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Ageing, Childhood and Social Identity in the Early Neolithic of Central Europe

  • Penny Bickle (a1) and Linda Fibiger (a2)
Abstract

In this paper, osteological and archaeological data are brought together to further our understanding of childhood in the early Neolithic Linearbandkeramik culture (LBK; c. 5500–5000 cal BC). In many characterizations of LBK society, fixed representations of sex or identities based on subsistence strategies pervade, with children rarely considered and then only as a specialized and separate topic of study. As a challenge to this view, a summary of the current models of childhood in the LBK culture is presented and debated with reference to the burial rites of children. A period of ‘middle’ childhood is proposed for the LBK culture. The osteological evidence suggests that childhood could be a time of dietary stress, perhaps with sex-based differences from childhood, and examples of the diseases and traumas suffered are discussed. Finally, the possibility that the children were actively contributing to acts of personal violence is raised. While the recognition of identity making as a continuous process remains a powerful exploratory route to investigating prehistoric societies, we argue that this should not discourage us from seeing identity as formed over the entire lifecourse.

Dans le présent article sont rassemblées des données ostéologiques et archéologiques afin de mieux comprendre l'enfance dans la culture à Céramique rubanée (Linearbandkeramik) du début du Néolithique (LBK, c.5500–5000 cal BC). des représentations figées du sexe et des identités, basées sur des stratégies de subsistence, persistent dans de nombreuses descriptions de la société rubanée; les enfants y sont rarement considérés ou seulement à part et comme un sujet d'étude spécialisée. Nous voulons défier cette vision en présentant et analysant un résumé des modèles d'enfance actuels du Rubané avec référance aux rites funèbres appliqués aux enfants. Nous proposons une période d'enfance ‘intermédiaire’ pour le Rubané. Les données ostéologiques montrent que l'enfance pouvait être une période de stress alimentaire, différant éventuellement selon le sexe. Nous examinons également des exemples de maladies et de traumatismes. Enfin nous évoquons la possibilité que des enfants participaient activement à des actes de violence interpersonnelle. Tandis que la reconnaissance de la construction identitaire comme processus continu reste une voie exploratoire importante dans l'étude des sociétés préhistoriques, nous estimons que ceci ne devrait pas nous décourager de concevoir que l'identité se forme tout au long d'une vie. Translation by Isabelle Gerges.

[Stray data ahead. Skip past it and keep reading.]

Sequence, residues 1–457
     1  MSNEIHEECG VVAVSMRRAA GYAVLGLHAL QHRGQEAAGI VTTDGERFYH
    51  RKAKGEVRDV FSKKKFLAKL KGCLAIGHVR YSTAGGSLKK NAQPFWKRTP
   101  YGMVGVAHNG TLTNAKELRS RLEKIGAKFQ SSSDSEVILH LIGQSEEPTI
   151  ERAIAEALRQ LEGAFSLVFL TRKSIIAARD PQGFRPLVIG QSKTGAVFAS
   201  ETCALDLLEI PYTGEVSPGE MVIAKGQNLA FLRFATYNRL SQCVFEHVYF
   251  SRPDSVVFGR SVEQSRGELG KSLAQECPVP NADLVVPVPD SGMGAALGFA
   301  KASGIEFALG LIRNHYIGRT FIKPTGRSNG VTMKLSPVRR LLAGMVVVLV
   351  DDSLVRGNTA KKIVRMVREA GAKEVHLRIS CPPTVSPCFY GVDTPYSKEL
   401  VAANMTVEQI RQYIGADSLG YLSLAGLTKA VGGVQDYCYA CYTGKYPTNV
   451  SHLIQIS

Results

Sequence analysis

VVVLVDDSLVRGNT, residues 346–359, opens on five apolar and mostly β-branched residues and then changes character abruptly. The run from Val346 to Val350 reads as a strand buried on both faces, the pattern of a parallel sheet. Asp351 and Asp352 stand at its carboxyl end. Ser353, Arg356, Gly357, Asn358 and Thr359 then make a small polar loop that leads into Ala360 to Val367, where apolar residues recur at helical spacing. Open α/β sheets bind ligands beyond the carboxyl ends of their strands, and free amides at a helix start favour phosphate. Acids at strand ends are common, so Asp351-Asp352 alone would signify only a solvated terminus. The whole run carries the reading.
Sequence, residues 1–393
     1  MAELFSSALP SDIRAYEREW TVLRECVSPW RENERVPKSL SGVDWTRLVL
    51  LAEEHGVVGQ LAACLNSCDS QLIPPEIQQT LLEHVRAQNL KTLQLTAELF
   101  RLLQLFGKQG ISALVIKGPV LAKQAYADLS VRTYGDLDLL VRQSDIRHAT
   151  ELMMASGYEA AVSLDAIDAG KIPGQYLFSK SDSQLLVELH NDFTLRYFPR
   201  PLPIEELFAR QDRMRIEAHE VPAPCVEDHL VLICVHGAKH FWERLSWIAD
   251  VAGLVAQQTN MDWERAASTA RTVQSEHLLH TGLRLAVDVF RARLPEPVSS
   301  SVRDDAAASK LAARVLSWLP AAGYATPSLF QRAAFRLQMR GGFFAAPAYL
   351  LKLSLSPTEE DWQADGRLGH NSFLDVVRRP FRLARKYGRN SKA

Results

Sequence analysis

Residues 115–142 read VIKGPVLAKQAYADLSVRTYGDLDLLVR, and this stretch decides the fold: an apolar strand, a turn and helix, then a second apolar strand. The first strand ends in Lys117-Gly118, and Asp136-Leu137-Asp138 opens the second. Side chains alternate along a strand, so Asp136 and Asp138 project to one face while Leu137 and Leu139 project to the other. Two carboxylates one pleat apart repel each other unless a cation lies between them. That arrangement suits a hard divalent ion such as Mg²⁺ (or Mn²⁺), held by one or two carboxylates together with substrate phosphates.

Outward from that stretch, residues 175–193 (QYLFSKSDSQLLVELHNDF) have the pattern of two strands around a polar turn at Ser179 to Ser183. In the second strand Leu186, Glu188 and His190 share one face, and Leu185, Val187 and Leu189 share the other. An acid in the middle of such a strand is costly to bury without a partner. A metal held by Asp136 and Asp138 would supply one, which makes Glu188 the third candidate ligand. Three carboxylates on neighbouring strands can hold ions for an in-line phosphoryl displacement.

Zusammenfassung

In diesem Artikel werden osteologische und archäologische Daten verknüpft, um unser Verständnis von Kindheit in der frühneolithischen Linienbandkeramik (LBK, ca. 5500–5000 cal. BC) zu erweitern. Zu Bislang sind viele Charakterisierungen der Gesellschaft der LBK von festen Darstellungen von Gender oder Identitäten auf der Basis von Subsistenzstrategien durchdrungen, bei denen Kinder kaum oder nur als besonderes und abgetrenntes Studienfeld berücksichtigt werden. Um diese Ansichten in Frage zu stellen, wird eine Zusammenfassung der aktuellen Modelle von Kindheit in der LBK dargestellt und unter Berücksichtigung der Bestattungssitten von Kindern diskutiert. Es wird eine Periode der ‘mittleren’ Kindheit für die LBK vorgeschlagen. Osteologische Hinweise machen es wahrscheinlich, dass—vielleicht mit geschlechtsspezifischen Unterschieden—die Kindheit eine Periode von Ernährungsstress gewesen ist, weiterhin werden Beispiele von Krankheiten und Verletzungen diskutiert. Schließlich wird die Möglichkeit angeführt, dass Kinder aktiv in Handlungen persönlicher Gewalt eingebunden waren. Zwar bleibt das Erkennen von Identitätsschöpfung als kontinuierlicher Prozess ein wesentliches Erklärungshilfsmittel zur Untersuchung vorgeschichtlicher Gesellschaften, doch meinen wir, dass es uns nicht davon abhalten sollte, Identität als über den gesamten Lebensweg hinweg geformt zu betrachten. Translation by Heiner Schwarzberg.

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